Back in 1967, Linda Ronstadt and the Stone Poneys had a hit with "Different Drum." The lyrics tell the story of a couple in the midst of breaking up because each person "travels to the beat of a different drum." Most people understood this reference at the time because Thoreau's words seemed to be everywhere in the 1960s. Especially with the movements of civil rights and environmentalism, his philosophies became even more relevant. Also in 1967, a U.S. postage stamp was released with his face on it, to celebrate the 150th anniversary of his birth. Henry was everywhere, and his quote about someone hearing and following the beat of a different drum was (and still is) quite popular.
On the other hand, Don McLean released a song in 1969 called "Castles in the Air." In it, the boy is breaking up with the girl because he's tired of her "castles in the air." "Castle walls just lead me to despair," he says. This seems to be a reference to Thoreau's "Conclusion" chapter of Walden: "If you have built castles in the air, your work need not be lost; that is where they should be. Now put the foundations under them." The trouble with the girlfriend in the song is that she never follows up on her plans, and her boyfriend grows too frustrated with her inactivity to stick around.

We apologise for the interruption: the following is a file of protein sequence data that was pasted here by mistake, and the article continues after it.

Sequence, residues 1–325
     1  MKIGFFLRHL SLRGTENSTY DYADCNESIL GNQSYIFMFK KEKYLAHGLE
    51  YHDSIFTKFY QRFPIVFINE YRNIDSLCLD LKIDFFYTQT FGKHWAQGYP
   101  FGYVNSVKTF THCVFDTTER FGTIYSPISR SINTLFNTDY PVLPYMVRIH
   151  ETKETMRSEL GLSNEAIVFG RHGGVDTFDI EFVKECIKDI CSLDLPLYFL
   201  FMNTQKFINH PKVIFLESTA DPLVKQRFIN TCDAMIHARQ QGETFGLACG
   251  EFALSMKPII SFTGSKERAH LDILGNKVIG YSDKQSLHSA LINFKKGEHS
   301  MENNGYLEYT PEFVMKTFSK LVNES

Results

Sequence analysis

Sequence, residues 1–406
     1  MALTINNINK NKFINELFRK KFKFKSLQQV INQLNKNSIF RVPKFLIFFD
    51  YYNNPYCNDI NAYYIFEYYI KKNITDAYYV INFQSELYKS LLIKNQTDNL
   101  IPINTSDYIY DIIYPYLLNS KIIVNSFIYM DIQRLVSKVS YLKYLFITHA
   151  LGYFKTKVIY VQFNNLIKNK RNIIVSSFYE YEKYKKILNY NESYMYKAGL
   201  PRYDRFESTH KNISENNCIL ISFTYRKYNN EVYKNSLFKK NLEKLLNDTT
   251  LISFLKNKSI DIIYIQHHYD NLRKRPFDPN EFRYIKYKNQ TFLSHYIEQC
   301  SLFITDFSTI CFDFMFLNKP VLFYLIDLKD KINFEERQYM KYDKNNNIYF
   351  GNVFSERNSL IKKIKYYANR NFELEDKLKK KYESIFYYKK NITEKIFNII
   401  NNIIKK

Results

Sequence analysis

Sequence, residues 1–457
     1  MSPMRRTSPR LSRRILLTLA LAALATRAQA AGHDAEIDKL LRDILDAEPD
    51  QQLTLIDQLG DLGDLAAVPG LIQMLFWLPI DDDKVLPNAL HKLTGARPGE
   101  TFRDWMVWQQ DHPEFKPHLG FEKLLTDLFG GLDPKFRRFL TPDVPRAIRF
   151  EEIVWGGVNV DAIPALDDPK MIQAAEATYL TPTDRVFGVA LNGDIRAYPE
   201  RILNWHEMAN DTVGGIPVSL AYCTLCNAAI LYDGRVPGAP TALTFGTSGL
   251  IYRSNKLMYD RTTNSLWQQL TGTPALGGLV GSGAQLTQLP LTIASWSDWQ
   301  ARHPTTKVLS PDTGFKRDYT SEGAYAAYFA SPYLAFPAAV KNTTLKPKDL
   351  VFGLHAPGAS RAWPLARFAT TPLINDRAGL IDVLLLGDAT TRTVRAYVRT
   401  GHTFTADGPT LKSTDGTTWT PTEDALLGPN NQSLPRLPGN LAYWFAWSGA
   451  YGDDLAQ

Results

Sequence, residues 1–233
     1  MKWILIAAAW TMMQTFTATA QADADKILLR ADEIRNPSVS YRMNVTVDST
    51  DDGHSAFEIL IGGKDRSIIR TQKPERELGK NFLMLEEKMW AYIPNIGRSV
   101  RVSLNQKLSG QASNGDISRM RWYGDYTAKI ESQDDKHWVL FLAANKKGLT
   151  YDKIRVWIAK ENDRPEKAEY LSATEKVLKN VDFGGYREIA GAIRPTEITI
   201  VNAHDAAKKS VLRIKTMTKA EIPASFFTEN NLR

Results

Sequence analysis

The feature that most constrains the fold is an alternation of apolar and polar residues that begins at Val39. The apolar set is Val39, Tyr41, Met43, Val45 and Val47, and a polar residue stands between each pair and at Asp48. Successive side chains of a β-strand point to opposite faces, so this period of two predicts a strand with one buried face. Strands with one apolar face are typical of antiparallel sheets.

On the Dark Side of the Moon album by Pink Floyd, you'll find the song "Time." It includes the line: "Hanging on in quiet desperation is the English way." This seems to refer to Thoreau's quote, "The mass of men lead lives of quiet desperation." Pink Floyd's lyrics talk about the need to make the most of life and the time we have, otherwise "one day you find ten years have got behind you," and you have nothing to show for it. This is a dark song, focusing on the time people waste without even realizing it. Hopefully listeners understand that they have the ability to lift themselves up out of this "quiet desperation."
Otherwise: look for songs about a love of nature or the spirit of independent thought.